When Donald Trump pulled America out of the Paris Climate Accord earlier this year, he said it was so America could renegotiate and get a “deal that’s fair” for its people.
The truth is though, such a protectionist brand of politics can be volatile—climate change is a global issue, and whatever consequences come from its neglect will affect America too.
However, as MBA graduate Luca Piccardi discovered, business schools and global energy giants are fighting back.
Indeed, that was one of his key decisions for pursuing an MBA at the Copenhagen Business School—ranked fourth in the world in the Corporate Knights’ Better World MBA Ranking 2016 and 2017, a ranking system that recognizes schools for their dedication to sustainability.
Having worked in the oil and gas sector in Italy in the past, Luca decided he wanted to use an MBA to “move from a brown industry to a clean one”.
Responsible management is the central theme of the Copenhagen MBA, thus Luca entered the clean energy sector schooled on the importance of corporate social responsibility (CSR)—the school’s MBA program is also ranked among the top 35 in Europe by the Financial Times.
From the beginning of the program, students are immersed in a 50-hour course dedicated to sustainable management—two of the four topics include Corporate Responsibility and Sustainability, and the New Global Rules of the Game.
Indeed CSR and sustainability run through most of the core course on the full-time Copenhagen MBA; the importance of corporate responsibility is shown from the board level down, as well as its role in leadership gender equality and the prosperous business culture that fosters.
Although in Luca’s case he implemented his education into a large multinational corporation, the school’s focus on CSR expands to startups and smaller organizations.
And, adds Luca, that education comes in all forms, most notably through company visits and industry experts lecturing the students on their business practices.
“We were exposed to people from Carlsberg, for example, who came in to tell us how their offices are structured to deal with such issues,” he says.
It was incidentally after a company visit to DONG Energy (Danish Oil and Natural Gas) during the program that he was initially awed by the company’s vision.
“It was the year they decided to divest from oil and gas and sell off that division of the company,” Luca explains, “so it was a bold move—the company message and prospects they presented really appealed to me.”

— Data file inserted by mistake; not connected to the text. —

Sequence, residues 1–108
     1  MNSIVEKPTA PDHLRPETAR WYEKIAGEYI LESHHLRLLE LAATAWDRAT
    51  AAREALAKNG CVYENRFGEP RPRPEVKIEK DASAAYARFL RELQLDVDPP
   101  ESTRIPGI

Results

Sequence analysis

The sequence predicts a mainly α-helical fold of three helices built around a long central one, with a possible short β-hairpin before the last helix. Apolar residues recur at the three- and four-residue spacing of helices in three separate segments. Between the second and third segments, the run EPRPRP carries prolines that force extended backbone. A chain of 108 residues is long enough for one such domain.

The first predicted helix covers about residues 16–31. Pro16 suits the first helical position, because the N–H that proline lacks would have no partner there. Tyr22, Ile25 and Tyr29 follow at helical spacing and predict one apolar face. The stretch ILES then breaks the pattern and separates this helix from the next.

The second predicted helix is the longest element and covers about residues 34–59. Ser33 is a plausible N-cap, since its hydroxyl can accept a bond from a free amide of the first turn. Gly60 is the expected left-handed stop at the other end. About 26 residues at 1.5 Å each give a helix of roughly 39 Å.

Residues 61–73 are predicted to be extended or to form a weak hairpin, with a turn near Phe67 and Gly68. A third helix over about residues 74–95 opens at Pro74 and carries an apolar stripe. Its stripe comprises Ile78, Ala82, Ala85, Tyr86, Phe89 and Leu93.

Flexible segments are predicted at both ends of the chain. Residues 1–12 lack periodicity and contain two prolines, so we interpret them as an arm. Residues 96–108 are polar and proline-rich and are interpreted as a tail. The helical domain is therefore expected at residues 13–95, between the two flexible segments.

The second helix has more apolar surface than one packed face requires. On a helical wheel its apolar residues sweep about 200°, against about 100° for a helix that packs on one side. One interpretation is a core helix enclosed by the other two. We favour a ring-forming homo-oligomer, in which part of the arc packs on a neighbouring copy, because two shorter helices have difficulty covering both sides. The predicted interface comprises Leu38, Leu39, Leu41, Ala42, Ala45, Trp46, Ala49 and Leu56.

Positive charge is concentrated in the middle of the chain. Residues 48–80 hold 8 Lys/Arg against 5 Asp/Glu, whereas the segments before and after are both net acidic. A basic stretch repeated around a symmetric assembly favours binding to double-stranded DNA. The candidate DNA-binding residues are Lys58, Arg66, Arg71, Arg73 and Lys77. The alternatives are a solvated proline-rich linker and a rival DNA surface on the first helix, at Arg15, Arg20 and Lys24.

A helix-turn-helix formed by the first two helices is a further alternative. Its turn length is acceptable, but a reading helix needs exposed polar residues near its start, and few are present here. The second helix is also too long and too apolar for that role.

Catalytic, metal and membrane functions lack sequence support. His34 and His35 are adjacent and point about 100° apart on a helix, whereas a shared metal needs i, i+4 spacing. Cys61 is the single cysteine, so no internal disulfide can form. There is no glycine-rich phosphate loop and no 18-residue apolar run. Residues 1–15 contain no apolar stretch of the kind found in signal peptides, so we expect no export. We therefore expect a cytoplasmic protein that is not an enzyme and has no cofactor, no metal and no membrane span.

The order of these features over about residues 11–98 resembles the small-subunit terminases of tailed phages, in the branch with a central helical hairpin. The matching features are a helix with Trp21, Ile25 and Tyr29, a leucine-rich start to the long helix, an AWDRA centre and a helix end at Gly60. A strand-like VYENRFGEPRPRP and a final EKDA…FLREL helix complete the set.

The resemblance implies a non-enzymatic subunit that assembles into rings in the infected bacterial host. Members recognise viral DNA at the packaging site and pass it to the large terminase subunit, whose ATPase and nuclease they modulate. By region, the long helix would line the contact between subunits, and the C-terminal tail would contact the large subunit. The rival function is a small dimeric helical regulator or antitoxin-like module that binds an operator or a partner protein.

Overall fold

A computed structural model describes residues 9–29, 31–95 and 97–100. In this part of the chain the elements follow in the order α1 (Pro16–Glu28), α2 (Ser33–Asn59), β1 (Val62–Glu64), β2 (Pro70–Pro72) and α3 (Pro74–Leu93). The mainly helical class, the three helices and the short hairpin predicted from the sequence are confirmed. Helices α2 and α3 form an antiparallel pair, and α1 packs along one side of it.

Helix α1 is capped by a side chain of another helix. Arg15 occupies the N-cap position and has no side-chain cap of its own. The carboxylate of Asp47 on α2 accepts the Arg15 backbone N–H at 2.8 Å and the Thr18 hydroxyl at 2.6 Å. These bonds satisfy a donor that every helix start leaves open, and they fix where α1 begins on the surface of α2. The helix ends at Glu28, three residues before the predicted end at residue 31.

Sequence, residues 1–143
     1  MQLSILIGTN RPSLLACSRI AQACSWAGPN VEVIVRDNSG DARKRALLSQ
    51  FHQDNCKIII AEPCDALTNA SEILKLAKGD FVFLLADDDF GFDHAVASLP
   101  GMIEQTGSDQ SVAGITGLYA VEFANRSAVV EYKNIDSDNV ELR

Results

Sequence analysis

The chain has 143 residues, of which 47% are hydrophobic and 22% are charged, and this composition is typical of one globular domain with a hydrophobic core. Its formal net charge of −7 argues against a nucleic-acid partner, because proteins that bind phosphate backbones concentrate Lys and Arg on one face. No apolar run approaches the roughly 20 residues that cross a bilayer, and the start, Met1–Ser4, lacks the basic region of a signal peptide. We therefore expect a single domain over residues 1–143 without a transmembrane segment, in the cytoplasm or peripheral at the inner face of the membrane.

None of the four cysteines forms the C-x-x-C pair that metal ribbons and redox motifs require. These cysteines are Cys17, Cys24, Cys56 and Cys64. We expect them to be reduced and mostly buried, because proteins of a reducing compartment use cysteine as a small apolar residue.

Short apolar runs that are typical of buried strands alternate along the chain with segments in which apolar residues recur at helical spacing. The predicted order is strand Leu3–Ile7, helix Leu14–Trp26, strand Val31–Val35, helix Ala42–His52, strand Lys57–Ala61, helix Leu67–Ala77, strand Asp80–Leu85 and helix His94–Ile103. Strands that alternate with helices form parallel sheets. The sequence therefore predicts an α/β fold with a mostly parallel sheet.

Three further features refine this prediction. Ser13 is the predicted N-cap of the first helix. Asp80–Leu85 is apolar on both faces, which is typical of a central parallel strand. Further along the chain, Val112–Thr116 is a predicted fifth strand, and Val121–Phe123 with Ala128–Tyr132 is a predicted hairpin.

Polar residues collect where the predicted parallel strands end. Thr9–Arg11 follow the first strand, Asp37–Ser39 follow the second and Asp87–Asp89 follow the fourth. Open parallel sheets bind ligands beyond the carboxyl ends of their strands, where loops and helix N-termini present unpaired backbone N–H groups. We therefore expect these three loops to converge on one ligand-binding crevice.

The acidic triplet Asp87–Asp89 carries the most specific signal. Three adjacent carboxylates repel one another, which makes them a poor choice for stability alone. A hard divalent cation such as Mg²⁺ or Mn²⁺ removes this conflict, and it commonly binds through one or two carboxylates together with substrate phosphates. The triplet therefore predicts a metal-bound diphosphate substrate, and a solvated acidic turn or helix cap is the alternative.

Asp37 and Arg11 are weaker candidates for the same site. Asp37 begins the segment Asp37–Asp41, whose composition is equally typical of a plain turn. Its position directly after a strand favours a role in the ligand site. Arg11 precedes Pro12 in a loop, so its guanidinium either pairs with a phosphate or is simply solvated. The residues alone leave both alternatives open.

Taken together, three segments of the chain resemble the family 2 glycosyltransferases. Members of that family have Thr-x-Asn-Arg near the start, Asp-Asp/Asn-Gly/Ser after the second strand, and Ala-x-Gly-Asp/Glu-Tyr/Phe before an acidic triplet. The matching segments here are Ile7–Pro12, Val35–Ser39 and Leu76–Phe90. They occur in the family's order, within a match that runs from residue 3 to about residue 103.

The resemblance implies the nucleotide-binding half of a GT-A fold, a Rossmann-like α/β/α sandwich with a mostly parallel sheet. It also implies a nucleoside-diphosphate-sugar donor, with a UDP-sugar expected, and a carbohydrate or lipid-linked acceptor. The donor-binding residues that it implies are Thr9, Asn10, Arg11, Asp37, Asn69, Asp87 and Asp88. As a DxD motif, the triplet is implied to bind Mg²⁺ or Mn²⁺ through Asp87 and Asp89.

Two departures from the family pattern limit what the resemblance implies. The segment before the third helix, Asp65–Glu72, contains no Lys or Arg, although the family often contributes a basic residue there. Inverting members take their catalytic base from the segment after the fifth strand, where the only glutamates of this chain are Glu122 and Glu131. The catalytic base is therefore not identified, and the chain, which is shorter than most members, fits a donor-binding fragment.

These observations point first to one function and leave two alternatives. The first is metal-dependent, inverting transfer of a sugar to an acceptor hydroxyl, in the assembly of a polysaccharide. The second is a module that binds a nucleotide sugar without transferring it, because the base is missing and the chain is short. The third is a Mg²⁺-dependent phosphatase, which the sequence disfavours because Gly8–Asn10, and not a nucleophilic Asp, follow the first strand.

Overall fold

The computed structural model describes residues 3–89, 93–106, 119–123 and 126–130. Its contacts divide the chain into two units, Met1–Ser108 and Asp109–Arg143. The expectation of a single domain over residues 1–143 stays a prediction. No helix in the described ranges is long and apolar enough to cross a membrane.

Indeed, DONG Energy completed the divestment deal for a total of $1.1 billion—selling to British petrochemical group INEOS—highlighting the company’s permanent shift away from fossil fuels.
They have since re-branded as Ørsted after Danish scientist Hans Christian Ørsted—the father of electromagnetism—which fits the way the company produces power today.
After graduating from the Copenhagen MBA, Luca applied for a position at the company. He’s now working as a contract manager for the firm, within the procurement of offshore wind power projects.
“It’s not like oil and gas,” he says, “in that it is not a 100-year-old business. It is fairly new and investments are coming and there’s a lot of potential for growth. To do my job, it is important to be open to new solutions and new possibilities to push forward.”
Innovative forward thinking comes from links Luca keeps with Copenhagen Business School—whose 1,400-strong alumni network is the largest in Scandinavia—as he regularly contacts former professors for advice.
“A recent example was around some work I was doing into how blockchain and smart contracts can be a viable option for my business,” Luca recalls. “I contacted my former professor of supply chain management and asked him if he could forward me some research and he was kind enough to do that.”
A large proportion of his MBA, Luca says, was focused on the study of business cases preparing him for the real world of work. That pragmatic, practical approach to studying allowed him to transition into the world of work with an open mindset.
And, he adds, that is “fundamental” to his work now. When finding new solutions to problems—be it to do with the technical design of the wind farms he deals with, or where they should be installed—his Copenhagen MBA instilled within him the necessity of a holistic approach to business.
“It’s a very intensive field,” he adds, “but having done an MBA, you can feel the difference.”